Soon we were on the road again, admittedly with fewer aches and pains and stiff joints!

A mineral lick at Muncho Lake Provincial Park promised sightings of Stone Sheep, however they disappointed us but we enjoyed the short walk and scenery. It didn't matter as plenty of the sheep were spotted later along the highway, stopping the traffic.

Mineral Lick at Muncho Lake P.P.

Volvos on tour!

Guess they have right of way!

Caution was needed on this stretch of the highway where the animals seemed to think they owned the road. We again encountered the phenomenon of a young Caribou running along the road in front of us, in panic, instead of turning off the road. He was lucky Harvey was at the front of the queue he caused and not the impatient truck driver three cars back!

We stopped for the night at Summit Lake, right on a pass in the shadow of Stone Mountain. It was obvious how the mountain got its name. A hike along the lake filled our fridge with wild blueberries.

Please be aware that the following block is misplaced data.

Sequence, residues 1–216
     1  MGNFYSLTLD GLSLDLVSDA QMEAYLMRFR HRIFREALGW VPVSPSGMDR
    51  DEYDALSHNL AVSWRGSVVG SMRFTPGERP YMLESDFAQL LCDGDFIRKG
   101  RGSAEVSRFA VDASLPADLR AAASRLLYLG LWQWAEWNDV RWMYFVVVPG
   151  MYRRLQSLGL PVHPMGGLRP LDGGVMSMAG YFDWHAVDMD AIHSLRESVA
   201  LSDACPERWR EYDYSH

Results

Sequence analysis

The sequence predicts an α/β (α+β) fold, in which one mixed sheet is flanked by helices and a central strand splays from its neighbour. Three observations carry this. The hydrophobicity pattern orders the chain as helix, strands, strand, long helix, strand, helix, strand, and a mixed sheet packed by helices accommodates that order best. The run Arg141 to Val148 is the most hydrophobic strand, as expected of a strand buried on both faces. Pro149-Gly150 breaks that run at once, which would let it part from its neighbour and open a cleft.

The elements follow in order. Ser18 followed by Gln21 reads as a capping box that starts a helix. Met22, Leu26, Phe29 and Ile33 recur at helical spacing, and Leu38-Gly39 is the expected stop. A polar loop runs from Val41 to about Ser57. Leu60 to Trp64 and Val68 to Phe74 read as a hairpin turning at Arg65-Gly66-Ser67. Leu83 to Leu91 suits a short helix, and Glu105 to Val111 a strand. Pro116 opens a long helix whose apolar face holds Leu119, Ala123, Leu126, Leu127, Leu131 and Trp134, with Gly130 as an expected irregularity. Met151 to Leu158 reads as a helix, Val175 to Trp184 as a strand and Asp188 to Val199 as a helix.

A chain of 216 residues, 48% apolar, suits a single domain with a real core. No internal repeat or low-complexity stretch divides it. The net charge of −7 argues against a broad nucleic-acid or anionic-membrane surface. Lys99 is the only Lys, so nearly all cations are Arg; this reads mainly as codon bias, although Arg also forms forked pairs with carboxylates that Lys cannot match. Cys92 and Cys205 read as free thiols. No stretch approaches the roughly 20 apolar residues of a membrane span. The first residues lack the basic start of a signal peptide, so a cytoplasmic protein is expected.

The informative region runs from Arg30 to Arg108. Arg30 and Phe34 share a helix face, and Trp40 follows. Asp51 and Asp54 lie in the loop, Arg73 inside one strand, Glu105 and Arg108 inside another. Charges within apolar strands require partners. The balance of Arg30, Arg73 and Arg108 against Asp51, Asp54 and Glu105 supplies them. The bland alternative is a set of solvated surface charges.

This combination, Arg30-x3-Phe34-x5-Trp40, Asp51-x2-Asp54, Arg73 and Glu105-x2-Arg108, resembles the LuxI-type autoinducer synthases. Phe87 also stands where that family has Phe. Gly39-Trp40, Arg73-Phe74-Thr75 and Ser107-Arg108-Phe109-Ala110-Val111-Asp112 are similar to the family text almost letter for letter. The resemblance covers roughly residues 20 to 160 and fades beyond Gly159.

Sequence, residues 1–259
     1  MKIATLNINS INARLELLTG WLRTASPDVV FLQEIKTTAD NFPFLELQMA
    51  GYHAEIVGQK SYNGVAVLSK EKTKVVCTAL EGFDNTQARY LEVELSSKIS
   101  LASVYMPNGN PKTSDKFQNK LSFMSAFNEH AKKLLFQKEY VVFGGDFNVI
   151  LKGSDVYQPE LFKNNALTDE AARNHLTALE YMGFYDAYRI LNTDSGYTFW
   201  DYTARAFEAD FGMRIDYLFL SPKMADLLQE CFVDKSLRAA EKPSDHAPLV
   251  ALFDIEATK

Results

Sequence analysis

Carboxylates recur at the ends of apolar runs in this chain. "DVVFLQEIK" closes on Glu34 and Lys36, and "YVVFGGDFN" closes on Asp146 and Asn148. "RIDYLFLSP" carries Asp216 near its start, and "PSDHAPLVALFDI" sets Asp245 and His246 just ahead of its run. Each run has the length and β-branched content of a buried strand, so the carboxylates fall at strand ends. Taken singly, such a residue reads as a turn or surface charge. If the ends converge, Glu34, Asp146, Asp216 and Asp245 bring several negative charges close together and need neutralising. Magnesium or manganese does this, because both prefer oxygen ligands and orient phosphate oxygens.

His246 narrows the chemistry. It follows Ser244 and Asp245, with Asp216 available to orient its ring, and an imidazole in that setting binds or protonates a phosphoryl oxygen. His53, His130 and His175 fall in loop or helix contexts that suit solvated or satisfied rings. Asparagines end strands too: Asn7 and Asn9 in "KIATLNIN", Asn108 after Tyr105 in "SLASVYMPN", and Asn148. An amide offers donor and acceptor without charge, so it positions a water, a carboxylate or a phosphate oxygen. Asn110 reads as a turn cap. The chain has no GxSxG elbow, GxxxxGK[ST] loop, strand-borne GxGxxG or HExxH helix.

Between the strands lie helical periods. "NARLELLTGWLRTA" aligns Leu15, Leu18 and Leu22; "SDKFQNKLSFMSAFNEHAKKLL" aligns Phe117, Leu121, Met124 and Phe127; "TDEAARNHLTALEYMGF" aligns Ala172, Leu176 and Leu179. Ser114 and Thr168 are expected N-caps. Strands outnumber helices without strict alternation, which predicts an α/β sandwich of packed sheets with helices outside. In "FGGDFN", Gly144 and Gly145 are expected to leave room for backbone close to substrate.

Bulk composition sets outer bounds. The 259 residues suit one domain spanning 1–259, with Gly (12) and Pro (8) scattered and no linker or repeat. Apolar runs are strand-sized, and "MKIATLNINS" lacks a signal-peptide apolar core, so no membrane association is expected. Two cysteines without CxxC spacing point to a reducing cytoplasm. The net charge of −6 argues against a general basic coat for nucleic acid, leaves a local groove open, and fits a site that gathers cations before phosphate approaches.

Another 396 miles the next day brought us to Fort St. John, where we treated Harvey to a service, care of the friendly Phillipinos and Indians running the local Canadian Tire store.

Get off the road Rudolph!

Stone Mountain

Harvey makes it to Mile 0.

Next morning we finally reached our goal, “Mile 0” at Dawson's Creek. We stopped for the obligatory photo of Harvey at the “Mile 0” post and to buy the necessary T-shirts and bumper stickers before leaving the Alaska Highway behind.

The drive through Alberta to the US border at Montana took another two days and we'd passed the 9000 mile mark on our trip before we crossed.

Fascinated to spot a Lancaster Bomber by the side of the road in the town of Nanton, we stopped to check it out and discovered we were at the museum of Canadian Bomber Command. The museum commemorated the 55,000 people of whom 10,000 were Canadian, who had lost their lives in Bomber Command during the Allies Second World War effort.

Finally at the town of Claresholm we enjoyed the luxury of a hot shower, hopefully now we smelled sweet, the Americans would let us back into Montana! After driving over 9,000 miles in seven and a half weeks, we were ready to slow down for a while.